Pervasive transcription constitutes a new level of eukaryotic genome regulation

Julia Berretta, Antonin Morillon

Author Affiliations

  1. Julia Berretta1 and
  2. Antonin Morillon*,1
  1. 1 Centre de Génétique Moléculaire–Centre National de la Recherche Scientifique (CGM–CNRS), Université of Pierre et Marie Curie, 91198 Gif‐sur‐Yvette, Paris 6, France
  1. *Corresponding author. Tel: +33 1 6982 3638; Fax: +33 1 6982 3877; E-mail: morillon{at}
View Abstract


During the past few years, it has become increasingly evident that the expression of eukaryotic genomes is far more complex than had been previously noted. The idea that the transcriptome is derived exclusively from protein‐coding genes and some specific non‐coding RNAs—such as snRNAs, snoRNAs, tRNAs or rRNAs—has been swept away by numerous studies indicating that RNA polymerase II can be found at almost any genomic location. Pervasive transcription is widespread and, far from being a futile process, has a crucial role in controlling gene expression and genomic plasticity. Here, we review recent findings that point to cryptic transcription as a fundamental component of the regulation of eukaryotic genomes.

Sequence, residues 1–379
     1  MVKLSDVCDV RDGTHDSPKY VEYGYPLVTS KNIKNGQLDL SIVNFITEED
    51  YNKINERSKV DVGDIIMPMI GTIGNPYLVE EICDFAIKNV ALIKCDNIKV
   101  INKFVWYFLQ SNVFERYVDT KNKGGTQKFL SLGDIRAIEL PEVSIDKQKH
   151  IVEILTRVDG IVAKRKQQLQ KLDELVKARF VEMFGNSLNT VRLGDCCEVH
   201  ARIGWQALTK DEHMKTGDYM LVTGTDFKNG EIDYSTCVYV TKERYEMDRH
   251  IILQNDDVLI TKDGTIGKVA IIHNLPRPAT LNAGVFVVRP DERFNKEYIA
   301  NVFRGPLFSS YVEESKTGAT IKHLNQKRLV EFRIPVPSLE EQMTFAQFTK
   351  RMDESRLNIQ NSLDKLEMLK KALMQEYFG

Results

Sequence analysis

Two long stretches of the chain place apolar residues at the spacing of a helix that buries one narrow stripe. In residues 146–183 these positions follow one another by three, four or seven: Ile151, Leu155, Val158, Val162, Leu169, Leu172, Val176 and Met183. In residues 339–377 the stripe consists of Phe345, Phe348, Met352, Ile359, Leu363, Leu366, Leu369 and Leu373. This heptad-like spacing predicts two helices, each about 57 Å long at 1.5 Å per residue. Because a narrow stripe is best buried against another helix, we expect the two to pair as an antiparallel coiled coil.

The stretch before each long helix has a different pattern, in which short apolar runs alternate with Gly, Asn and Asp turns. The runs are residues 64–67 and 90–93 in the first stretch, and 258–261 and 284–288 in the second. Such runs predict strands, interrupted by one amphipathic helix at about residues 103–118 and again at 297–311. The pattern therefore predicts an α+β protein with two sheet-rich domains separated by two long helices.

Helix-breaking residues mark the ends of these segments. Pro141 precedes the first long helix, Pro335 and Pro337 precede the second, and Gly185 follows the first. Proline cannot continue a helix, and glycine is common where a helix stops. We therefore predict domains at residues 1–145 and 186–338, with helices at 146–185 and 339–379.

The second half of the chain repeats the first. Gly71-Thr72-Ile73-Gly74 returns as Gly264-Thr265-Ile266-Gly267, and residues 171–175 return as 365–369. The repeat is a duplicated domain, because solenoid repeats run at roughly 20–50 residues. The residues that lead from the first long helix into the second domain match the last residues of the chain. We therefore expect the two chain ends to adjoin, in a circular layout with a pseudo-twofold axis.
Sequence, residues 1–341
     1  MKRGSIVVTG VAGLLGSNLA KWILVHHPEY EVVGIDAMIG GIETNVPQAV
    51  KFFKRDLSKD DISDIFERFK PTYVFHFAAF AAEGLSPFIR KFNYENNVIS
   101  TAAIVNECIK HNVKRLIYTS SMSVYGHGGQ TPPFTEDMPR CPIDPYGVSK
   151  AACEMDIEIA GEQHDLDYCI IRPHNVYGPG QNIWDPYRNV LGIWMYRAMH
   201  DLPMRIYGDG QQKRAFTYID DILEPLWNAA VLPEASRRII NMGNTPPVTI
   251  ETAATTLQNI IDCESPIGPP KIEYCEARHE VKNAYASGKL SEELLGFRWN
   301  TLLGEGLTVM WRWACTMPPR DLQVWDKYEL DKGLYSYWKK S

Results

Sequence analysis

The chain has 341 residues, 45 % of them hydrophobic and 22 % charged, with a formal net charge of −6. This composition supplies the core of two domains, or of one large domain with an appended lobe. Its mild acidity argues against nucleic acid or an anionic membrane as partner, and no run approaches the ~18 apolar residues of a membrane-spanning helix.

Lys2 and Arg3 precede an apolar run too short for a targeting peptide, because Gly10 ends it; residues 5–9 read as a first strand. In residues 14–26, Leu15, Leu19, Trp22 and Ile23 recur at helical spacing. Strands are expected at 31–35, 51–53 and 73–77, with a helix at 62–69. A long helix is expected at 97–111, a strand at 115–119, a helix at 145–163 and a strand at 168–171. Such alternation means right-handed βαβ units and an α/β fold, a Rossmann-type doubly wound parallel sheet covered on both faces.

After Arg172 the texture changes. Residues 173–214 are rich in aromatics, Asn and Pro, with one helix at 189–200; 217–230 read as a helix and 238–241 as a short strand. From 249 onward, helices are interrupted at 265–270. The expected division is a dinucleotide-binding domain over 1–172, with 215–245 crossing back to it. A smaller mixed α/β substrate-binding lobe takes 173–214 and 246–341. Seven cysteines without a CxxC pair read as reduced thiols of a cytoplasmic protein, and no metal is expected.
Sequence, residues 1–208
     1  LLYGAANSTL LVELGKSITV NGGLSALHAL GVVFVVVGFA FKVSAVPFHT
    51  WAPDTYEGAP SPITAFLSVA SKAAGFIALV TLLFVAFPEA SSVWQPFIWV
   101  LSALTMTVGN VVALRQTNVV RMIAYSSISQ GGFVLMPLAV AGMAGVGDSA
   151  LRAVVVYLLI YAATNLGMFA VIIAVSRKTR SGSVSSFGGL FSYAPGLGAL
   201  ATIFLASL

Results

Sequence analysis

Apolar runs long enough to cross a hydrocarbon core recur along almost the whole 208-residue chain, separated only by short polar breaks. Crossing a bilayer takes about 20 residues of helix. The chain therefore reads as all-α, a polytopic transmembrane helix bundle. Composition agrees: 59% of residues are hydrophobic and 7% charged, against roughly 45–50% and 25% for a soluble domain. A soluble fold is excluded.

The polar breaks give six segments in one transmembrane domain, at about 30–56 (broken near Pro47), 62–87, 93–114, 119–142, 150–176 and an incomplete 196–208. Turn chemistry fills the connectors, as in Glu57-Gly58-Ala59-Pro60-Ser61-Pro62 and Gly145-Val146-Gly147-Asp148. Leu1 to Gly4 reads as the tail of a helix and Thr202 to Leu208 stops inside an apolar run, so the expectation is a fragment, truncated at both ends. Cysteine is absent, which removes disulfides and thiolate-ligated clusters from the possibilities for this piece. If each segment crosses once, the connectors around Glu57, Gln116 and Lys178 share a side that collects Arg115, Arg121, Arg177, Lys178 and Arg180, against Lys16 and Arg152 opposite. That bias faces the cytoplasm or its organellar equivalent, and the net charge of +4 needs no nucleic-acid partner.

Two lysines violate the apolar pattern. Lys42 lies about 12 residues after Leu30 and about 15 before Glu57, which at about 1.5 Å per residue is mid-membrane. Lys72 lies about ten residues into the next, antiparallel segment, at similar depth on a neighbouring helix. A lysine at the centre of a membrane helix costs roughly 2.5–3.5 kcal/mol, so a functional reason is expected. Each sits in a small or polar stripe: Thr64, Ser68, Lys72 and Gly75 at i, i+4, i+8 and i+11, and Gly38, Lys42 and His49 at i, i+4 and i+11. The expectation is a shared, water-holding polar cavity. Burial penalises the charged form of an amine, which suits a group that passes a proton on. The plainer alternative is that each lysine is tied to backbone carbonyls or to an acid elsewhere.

See Glossary for abbreviations used in this article

Pervasive transcription in eukaryotic genomes